I would agree with Lionofludesch as I have a client who has remained in New Zealand for almost a year unable to return due to covid situation (he is staying with his daughter), while absent he has had his son visit his house to collect post etc and the house has remained empty. I cannot see that this removes it as his PPR for this period as it is still clearly his home he is just forced to be absent.

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By Software Seeker
17th Mar 2021 12:32

Wycher wrote:

I would agree with Lionofludesch as I have a client who has remained in New Zealand for almost a year unable to return due to covid situation (he is staying with his daughter), while absent he has had his son visit his house to collect post etc and the house has remained empty. I cannot see that this removes it as his PPR for this period as it is still clearly his home he is just forced to be absent.

Thanks. Deemed residence (S223(3) TCGA1992) or actual residence (because ignored as it is a holiday)?

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By lionofludesch
17th Mar 2021 12:47

Software Seeker wrote:

Wycher wrote:

I would agree with Lionofludesch as I have a client who has remained in New Zealand for almost a year unable to return due to covid situation (he is staying with his daughter), while absent he has had his son visit his house to collect post etc and the house has remained empty. I cannot see that this removes it as his PPR for this period as it is still clearly his home he is just forced to be absent.

Thanks. Deemed residence (S223(3) TCGA1992) or actual residence (because ignored as it is a holiday)?

Jeez - you don't have to be physically present in the house all the time for it to be your residence. We'll be running scare stories about folk needing to keep a record of when they go to the pub (when they open) next.

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By Tax Dragon
16th Mar 2021 12:56

Duggimon's consultation document extract: "PRR is not affected because the hotel where that person is staying is not a residence of theirs" appears to support my top of head, unresearched response to a degree.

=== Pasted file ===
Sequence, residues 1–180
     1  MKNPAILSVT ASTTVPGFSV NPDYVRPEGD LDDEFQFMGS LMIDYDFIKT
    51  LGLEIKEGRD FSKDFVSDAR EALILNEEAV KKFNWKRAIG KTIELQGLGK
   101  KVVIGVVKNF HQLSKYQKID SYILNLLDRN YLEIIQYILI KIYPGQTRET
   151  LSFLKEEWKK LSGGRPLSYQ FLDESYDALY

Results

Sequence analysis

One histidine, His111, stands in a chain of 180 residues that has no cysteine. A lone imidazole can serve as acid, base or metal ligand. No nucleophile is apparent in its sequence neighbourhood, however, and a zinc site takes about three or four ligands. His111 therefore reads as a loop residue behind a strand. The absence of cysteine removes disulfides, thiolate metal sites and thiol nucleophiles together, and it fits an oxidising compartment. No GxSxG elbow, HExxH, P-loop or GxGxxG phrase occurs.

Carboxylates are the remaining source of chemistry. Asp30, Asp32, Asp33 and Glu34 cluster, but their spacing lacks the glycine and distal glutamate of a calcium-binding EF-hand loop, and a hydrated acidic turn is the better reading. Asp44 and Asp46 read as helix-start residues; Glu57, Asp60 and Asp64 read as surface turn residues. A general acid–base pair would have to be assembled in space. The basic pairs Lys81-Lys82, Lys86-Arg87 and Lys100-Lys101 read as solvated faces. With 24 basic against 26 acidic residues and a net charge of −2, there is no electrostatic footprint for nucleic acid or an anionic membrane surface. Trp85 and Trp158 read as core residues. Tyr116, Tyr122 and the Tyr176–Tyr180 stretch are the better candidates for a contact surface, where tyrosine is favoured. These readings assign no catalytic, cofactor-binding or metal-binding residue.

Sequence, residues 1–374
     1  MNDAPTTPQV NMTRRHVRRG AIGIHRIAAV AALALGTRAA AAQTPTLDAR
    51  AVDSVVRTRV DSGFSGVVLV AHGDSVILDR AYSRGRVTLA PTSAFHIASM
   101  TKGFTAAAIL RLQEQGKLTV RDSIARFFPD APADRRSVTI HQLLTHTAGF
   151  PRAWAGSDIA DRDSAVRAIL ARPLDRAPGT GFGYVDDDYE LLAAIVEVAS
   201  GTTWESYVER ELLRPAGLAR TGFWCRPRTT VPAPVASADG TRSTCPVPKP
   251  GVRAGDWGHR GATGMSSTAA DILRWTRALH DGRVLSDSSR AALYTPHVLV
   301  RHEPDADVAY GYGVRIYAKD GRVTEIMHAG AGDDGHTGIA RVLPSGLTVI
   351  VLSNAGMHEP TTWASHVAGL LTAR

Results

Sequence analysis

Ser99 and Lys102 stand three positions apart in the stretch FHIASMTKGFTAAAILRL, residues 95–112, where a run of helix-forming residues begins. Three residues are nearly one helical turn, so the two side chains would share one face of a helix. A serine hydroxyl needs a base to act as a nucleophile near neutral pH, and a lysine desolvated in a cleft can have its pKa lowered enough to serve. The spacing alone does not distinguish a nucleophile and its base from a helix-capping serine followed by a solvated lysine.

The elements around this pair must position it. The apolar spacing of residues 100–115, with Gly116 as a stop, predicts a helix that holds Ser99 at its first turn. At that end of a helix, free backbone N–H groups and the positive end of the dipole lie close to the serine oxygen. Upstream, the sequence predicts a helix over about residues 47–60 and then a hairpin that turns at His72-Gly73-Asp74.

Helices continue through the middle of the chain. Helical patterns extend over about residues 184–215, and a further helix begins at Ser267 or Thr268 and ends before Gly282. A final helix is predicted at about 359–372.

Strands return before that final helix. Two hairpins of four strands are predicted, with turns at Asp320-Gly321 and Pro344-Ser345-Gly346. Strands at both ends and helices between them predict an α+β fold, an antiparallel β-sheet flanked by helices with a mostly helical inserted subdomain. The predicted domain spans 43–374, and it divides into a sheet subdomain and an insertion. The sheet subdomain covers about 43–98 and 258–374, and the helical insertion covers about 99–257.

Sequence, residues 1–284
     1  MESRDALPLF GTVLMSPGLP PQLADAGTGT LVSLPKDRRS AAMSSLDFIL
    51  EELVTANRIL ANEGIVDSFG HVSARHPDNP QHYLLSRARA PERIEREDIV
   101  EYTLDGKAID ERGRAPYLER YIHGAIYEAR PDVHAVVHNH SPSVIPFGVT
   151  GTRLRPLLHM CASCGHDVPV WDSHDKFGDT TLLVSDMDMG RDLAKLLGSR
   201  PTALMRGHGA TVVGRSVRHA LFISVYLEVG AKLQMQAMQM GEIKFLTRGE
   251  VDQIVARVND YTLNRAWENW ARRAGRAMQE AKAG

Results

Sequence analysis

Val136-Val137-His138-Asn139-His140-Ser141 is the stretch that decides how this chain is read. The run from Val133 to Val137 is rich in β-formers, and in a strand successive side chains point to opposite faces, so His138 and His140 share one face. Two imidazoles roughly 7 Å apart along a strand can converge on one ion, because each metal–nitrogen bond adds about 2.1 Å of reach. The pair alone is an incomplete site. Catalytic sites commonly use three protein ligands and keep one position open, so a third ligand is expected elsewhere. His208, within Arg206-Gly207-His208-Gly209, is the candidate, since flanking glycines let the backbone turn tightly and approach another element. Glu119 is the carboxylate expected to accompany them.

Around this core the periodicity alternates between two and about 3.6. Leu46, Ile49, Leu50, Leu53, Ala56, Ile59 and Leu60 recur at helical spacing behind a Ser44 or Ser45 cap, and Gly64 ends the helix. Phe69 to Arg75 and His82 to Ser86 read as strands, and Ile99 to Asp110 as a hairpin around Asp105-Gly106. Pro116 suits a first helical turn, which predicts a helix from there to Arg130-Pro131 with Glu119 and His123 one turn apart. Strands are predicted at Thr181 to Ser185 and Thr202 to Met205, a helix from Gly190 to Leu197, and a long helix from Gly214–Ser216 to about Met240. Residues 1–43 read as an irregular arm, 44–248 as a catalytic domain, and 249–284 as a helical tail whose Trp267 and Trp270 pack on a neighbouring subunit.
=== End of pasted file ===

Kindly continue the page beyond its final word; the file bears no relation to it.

However, since 2015, there's been a statutory definition of "period of absence": s223(7B) defines it as "a period during which the dwelling-house... was not occupied by the individual as a residence." You also need to read s222B(1) and some of the other 2015 changes. All bets are off and all replies so far (including my opener) are basically wrong, because they ignore the 2015 law.

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Replying to Tax Dragon:
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By Software Seeker
17th Mar 2021 12:41

Tax Dragon wrote:

Duggimon's consultation document extract: "PRR is not affected because the hotel where that person is staying is not a residence of theirs" appears to support my top of head, unresearched response to a degree.

However, since 2015, there's been a statutory definition of "period of absence": s223(7B) defines it as "a period during which the dwelling-house... was not occupied by the individual as a residence." You also need to read s222B(1) and some of the other 2015 changes. All bets are off and all replies so far (including my opener) are basically wrong, because they ignore the 2015 law.

So holiday periods of any length are regarded as a period of absence and so count towards the 3-year absence limit? That can't be right. I'll do some digging. (and thanks for the heads up).

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Replying to Software Seeker:
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By Tax Dragon
17th Mar 2021 13:01

Software Seeker wrote:

So holiday periods of any length are regarded as a period of absence and so count towards the 3-year absence limit? That can't be right.

It could be right if that's what statute says. (I very much doubt it is what statute says. I've not worked it through - it's not as windy in these parts as it obviously is where you operate. I'd even forgotten it said anything at all. But the point is it does now include a definition, whereas before 2015 I don't think it did. So I think, now, you should have greater certainty.)